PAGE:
In 2006, I was working at Palm. One of my job duties was writing a PDF reader for Foleo, an ARM and Linux-powered mini laptop. The Palm management decided that PDF reader is a must have application. I ended up being the sole developer on the project.

Writing a PDF rendering library is a multi-year effort. We didn't have years, so I used Poppler open-source library. My job was to write basic PDF viewer that used Poppler to render PDF pages into a bitmap in memory and blit those bitmap on screen.

PDF is a complex format and rendering of some PDFs is slow. I wanted to improve the speed. The way to improve speed is to profile the code. Unfortunately, the toolchain for an unreleased ARM hardware wasn't very good. Forget about a profiler, be grateful you have a C++ compiler and don't have to enter assembly by typing hex.

Windows had decent profilers, so I compiled Poppler for Windows. Once I had the library working on Windows, I wrote simplest GUI app that would show the pages and allow navigating between pages. Now I had a simple PDF reader for Windows. I released it on my website. I tagged it as version 0.1.

Back to profiling : my plan worked. I profiled the documents that took the longest to render and made a few surprisingly simple and surprisingly effective optimizations. If memory serves, there are two optimizations that had the biggest effect. First, by adding a small buffer inside string class to hold small strings inline -- as opposed to always allocating memory for the string. Strings were used frequently and most of them were small. Two, fixing one-byte-at-a-time I/O process by converting it to bulk reads. Calling c read() function for each byte is extremely cheap, but not when you do it 5 million times.

At some point, I decided to switch from Poppler to mupdf, because it was better and actively maintained. But changing the app to use completely different library is not something you can do in an afternoon. It's demoralizing to work long time on code that doesn't even compile. To keep things compiling while also working towards supporting alternative rendering engine, I developed an abstraction for the rendering engine. The engine would provide the functionality the UI needed : getting number of pages in the document, sized of each pages (to calculate layout), rendering a page as a bitmap, etc. It served me well. I was able to incrementally convert this program from using Poppler to mupdf via engine abstraction. For a while, I supported both engines at the same time, but eventually I switched to just mupdf, to keep the app small.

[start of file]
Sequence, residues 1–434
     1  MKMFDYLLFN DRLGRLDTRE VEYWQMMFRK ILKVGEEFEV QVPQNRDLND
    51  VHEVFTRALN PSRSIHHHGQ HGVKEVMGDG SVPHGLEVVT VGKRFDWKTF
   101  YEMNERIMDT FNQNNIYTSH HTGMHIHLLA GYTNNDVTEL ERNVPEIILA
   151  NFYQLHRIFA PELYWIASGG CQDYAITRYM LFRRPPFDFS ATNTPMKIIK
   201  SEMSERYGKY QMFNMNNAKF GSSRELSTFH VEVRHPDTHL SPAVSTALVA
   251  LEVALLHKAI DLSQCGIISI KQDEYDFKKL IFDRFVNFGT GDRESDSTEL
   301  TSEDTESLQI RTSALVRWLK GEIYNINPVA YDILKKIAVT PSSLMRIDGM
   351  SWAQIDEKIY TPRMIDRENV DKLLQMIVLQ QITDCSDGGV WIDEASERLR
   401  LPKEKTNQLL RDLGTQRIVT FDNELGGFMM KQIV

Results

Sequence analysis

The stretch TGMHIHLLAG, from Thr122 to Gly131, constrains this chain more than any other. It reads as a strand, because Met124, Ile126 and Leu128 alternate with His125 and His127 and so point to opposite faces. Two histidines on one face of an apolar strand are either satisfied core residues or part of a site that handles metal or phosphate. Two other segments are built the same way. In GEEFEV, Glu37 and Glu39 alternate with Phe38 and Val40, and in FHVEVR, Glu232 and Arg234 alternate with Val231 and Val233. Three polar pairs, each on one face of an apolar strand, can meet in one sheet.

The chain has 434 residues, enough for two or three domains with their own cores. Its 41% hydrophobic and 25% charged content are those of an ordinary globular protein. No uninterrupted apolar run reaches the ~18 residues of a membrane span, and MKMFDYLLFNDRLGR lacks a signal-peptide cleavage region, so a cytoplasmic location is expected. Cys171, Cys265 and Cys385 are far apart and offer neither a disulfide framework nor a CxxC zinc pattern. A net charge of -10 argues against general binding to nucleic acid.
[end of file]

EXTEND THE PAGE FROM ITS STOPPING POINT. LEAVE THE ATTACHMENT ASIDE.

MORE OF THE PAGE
It's about 127k lines of C++, written against Win32 API. By today's standards, SumatraPDF is tiny (installer smaller than 10 MB) and starts up instantly. How do I keep SumatraPDF small?

I avoid unnecessary abstractions. Windows is hard to program against, I could use wrappers like Qt, WxWindows or Gtk. They are easier to use, but it causes instant, giant bloat.

I'm also not afraid to write my own implementation of things. I have my own JSON, HTML/XML parsers that are a fraction of size of the popular libraries for those tasks. For storing advanced settings, I designed and implemented a file format that is smaller than XML, readable and writeable by humans and can be implemented in few hundred lines od code. It's as powerful as JSON and even more readable. Minimize the code size by not using STL? That's crazy, but I did it.

I learned about how Plan 9 OS source-code had non-traditional scheme of include files where they don't put ifdef wrappers in each h file (to allow multiple inclusion) and their h files don't include other h files. As a result, c files have to include every h file they need and in the right order. I did it and I keep doing it. It prevents circular dependencies between h files and doesn't inflate C++ build times because of careless including the same files over and over again.
— Krzysztof Kowalczyk (July 25, 2021) Lessons learned from 15 years of SumatraPDF